A 'happy' two-year-old boy was crushed to death by a 'substandard and dangerous' marble fireplace described as an 'accident waiting to happen', an inquest heard.
Bram Radcliffe died in his home when the large 60kg fireplace, which was 'hanging by a thread', became dislodged from the wall and a piece crashed down on to his head.
Bradford Coroners' Court today (Fri) heard how the appliance's surround was only held in place with glue and 'inadequate' screws, going against general practice instructing fitters to attach it to a solid substructure.
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It had been fitted into the home before Bram and his mum, Amy Johnson, had moved into the property two-and-a-half months before the tragedy.
The accident occurred at Bram's home in Huddersfield, West Yorks, on November 8, 2017 at around 7.30am.
His mother, Miss Johnson had left the toddler watching television in the living room while she went upstairs to go to the toilet, the court heard.
She had only been gone a minute when she heard a 'loud crash' and ran downstairs to find Bram on his back unconscious with pieces of the fireplace on the floor around him.
Detective Sergeant Peter Usher of West Yorkshire Police told the inquest evidence suggested the boy tried to reach for the television, which was above the fireplace, and leaned on the fireplace.
The pressure, described as 'minimal', likely caused the marble to come crashing down and one piece struck Bram in the head causing a skull fracture and sending him into cardiac arrest.
He was given CPR and put on a defibrillator then rushed to Huddersfield Royal Infirmary but he never regained consciousness and was pronounced dead at 8.20am.
Building materials expert, David Richardson told the coroners' court the fireplace was glued to four brackets, which were screwed on to plasterboard.
He said the way the fireplace had been installed was 'totally inadequate' and represented a 'significant issue'.
He added: "This would have been a very dangerous situation and an accident waiting to happen unfortunately.
"If you could have a case history of how not to do it this is a perfect example. The whole installation must be done by a professional, not by a DIY enthusiast.
"The brackets were attached to the plasterboard using relatively short screws.
"They have been glued to the marble, which is not in accordance with best practice.
"The mantle had no form of restraint. The pieces of stone must be attached to a solid substructure.
"It's important that everybody understands the potential consequences."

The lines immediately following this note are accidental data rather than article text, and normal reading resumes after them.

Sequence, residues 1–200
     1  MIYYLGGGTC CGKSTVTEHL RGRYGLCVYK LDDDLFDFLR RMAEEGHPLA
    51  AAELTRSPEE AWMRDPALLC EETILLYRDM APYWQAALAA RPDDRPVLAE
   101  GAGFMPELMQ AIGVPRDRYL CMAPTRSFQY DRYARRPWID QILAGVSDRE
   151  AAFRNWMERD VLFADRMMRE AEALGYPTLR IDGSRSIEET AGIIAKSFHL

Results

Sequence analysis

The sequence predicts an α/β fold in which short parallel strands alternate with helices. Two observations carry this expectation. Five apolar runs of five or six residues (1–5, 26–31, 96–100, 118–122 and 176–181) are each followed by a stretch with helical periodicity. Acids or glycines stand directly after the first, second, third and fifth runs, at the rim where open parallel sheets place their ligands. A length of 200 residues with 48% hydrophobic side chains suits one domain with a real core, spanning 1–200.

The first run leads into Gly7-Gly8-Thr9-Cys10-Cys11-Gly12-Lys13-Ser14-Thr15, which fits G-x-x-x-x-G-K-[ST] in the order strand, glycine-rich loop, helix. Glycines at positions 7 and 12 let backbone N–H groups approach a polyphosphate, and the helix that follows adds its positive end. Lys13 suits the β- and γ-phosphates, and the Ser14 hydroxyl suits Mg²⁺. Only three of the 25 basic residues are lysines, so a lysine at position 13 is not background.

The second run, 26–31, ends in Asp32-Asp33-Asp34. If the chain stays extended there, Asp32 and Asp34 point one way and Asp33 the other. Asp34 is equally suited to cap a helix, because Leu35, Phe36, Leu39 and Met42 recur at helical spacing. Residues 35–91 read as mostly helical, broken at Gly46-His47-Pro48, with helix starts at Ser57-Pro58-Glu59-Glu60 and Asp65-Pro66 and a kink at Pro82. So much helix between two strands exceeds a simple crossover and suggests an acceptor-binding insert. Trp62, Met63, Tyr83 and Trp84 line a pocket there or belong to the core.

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Mr Richardson added the installation of fireplace surrounds, like the one that fell on Bram, aren't currently subject to regulation.
Recording a narrative conclusion, coroner Martin Fleming said he would be making a recommendation to the health and safety authorities in an attempt to prevent an incident like this ever happening again.
He said: "This is a heartbreaking case.
"Without any question, I have heard that Bram was a very much-loved little boy who's very badly grieved.
Mr Fleming added: "Its installation was substandard and dangerous.
"I can only suggest that it was installed by a cowboy, a cowboy firm or a DIY enthusiast.
"This is a lesson in how not to install a fireplace."
A statement from Miss Johnson, who didn't attend the inquest, read out by a court official described the morning of the incident.
It said: "I went upstairs, I left Bram watching cartoons. I had only been upstairs a few seconds when I heard a crash.
"I ran down to see what had happened and turned the corner and saw Bram lying on the floor on his back.
"The surround was on the ground positioned around Bram. Bram was not breathing. I called 999. I was panicking and confused."
She added: "He was a happy and healthy boy."
A post-mortem found Bram died as a result of a head injury.
Miss Johnson and her son had only moved in to the house, which was owned by her partner Ryan Kaye, in August that year.
In a statement read out in the court, Mr Kaye said he had noticed that the fireplace was 'wobbly' a few days before Bram died.
He had planned to have his dad, who is a joiner, come round and take a look in the days after Bram died.
A West Yorkshire Police investigation was carried out following the incident to try and trace the company or individual who installed the fireplace.
However, DS Usher said records didn't go back far enough to find out who was responsible.